Trump’s package key as oil price spike offers little to US ethanol sector

16 Sep 2019 | Tim Worledge

A surge in oil prices globally is unlikely to offer support to the US ethanol sector as the approaching end of maintenance at key facilities and the release of US strategic crude oil reserves are expected to boost oil supply while biofuel demand remains hesitant.

That leaves the industry, which is a key consumer of US corn, looking to a support package from the Trump administration in order to stave off further deterioration in margins and boost demand, after as many as 20 facilities were mothballed in recent months, according to industry sources.

However, any increase in demand for ethanol – as its price relative to oil falls – is unlikely after the Trump administration dampened US oil prices by releasing oil from its strategic reserves. 

“With the release of strategic reserves in the US for crude oil, prices for gasoline are not expected to go through the roof,” Futures International’s Terry Reilly told Agricensus on Monday.

“The short term appreciation of RBOB may entice blenders to use as much ethanol as possible over the short term, but the blend rate is already high,” Reilly said, referring to the generic specification for US petrol.

With ethanol demand unlikely to receive a substantial jolt from higher oil prices, President Trump’s much-vaunted 'giant package' takes on ever greater significance as the industry reels under the twin impact of trade war cutting export demand and blend waivers for refiners that has cut domestic demand.

High corn prices have also impacted producers’ bottom line, with the POET facility at Fostoria in Ohio bidding on Monday at 60 cents over the December contract for corn delivered in September – meaning it is bidding at higher levels internally than FOB cargo offers at the US Gulf.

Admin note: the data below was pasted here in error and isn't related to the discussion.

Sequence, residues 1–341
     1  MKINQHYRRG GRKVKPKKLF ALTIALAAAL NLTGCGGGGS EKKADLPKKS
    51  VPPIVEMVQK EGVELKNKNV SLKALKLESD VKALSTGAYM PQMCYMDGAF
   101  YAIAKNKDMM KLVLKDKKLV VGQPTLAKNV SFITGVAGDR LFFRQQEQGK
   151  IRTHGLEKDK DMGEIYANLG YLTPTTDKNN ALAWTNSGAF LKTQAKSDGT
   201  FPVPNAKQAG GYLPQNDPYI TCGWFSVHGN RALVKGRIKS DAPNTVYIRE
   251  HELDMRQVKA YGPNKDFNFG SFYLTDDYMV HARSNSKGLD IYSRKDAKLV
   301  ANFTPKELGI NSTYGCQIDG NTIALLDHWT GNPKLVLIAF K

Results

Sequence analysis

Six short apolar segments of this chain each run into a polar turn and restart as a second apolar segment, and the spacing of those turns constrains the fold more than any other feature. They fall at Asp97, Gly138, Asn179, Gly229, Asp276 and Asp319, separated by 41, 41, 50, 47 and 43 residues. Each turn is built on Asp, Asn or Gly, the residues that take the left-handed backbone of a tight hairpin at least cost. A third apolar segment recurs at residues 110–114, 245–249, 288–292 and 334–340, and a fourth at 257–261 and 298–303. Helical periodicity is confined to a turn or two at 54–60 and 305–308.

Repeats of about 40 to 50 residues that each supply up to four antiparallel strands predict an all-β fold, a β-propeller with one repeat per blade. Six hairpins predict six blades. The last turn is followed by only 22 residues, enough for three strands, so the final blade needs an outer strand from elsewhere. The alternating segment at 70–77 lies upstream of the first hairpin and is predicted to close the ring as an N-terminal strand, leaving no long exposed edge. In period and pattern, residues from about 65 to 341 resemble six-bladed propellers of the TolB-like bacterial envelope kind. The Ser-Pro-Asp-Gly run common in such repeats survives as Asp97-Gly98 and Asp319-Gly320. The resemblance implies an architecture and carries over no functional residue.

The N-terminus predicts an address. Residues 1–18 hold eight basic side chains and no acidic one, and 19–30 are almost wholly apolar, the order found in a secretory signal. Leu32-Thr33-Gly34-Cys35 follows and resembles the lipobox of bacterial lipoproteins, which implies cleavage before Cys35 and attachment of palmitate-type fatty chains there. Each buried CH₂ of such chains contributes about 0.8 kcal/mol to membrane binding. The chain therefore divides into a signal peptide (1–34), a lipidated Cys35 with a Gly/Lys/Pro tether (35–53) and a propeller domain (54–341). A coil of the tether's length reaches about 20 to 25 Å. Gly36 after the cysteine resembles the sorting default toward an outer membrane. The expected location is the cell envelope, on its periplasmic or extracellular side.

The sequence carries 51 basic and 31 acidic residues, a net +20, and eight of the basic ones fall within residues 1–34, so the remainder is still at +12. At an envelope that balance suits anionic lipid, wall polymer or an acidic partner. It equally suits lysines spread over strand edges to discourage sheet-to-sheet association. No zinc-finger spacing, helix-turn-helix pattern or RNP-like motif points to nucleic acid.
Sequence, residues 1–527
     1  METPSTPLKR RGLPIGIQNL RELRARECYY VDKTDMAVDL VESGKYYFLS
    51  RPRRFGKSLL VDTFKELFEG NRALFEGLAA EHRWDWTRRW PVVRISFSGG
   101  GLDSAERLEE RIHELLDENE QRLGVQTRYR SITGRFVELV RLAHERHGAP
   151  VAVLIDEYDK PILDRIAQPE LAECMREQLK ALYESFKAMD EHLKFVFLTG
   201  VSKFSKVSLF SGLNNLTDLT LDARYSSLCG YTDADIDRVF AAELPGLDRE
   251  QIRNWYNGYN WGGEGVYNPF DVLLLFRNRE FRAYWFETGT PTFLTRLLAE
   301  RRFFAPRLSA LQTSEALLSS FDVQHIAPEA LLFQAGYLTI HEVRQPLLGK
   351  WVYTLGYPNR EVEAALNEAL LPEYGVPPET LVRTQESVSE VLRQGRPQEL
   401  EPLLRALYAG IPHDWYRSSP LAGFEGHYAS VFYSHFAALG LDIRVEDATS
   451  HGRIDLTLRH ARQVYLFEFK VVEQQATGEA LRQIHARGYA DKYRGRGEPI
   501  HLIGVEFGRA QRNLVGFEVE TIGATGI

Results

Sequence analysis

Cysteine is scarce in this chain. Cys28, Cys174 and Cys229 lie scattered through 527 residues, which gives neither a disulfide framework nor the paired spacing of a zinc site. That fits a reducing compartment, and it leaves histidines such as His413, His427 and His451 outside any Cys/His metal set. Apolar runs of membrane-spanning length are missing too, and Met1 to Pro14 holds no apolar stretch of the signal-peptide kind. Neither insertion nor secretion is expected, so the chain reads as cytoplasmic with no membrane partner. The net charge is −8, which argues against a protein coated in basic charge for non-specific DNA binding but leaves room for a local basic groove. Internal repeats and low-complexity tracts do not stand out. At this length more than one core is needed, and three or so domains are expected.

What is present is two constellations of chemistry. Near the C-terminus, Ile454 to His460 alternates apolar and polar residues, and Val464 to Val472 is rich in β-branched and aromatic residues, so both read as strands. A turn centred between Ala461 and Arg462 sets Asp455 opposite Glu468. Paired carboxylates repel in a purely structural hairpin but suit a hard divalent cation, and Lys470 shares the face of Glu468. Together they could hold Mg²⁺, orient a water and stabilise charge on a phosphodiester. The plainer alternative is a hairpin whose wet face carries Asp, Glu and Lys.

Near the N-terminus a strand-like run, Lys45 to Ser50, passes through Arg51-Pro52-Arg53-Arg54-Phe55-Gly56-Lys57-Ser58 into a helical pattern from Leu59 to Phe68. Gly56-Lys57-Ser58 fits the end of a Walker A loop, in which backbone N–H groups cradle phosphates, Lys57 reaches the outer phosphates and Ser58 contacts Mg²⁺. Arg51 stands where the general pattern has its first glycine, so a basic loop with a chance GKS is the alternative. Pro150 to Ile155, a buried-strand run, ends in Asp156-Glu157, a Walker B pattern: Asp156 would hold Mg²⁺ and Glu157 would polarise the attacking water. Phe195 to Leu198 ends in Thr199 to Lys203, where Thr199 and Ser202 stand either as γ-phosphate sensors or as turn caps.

And with production margins picking up after the industry idled so much capacity, the arrival of new crop corn supply coming in from October onwards is likely to usher in a return of this lost production.

“I’m hearing some of these companies are prepared to run, even though they see negative margins. With the new crop round the corner, I think many of the ethanol plants will be back up and running at normal levels by late October,” Reilly said.

Giant Package

President Trump, stung by criticism from farmers after his administration confirmed it would be issuing 31 waivers to small refiners absolving them from their biofuel blending mandates, has scrambled to claw back the initiative after farmers and biofuel groups vented their fury.

Trump trailed a “giant package” via social media in a statement that was light on detail.

However, Reuters reported Monday that the Trump administration is contemplating a solution that explicitly links future biofuel mandates to the average of demand lost by waivers granted in the previous three years.

That has been a key demand of the biofuel sector, which has claimed that the granting of 31 waivers for the 2018 obligation cut up to 1.5 billion gallons of biofuel demand from the Renewable Fuel Standard’s blend mandates, with no redress.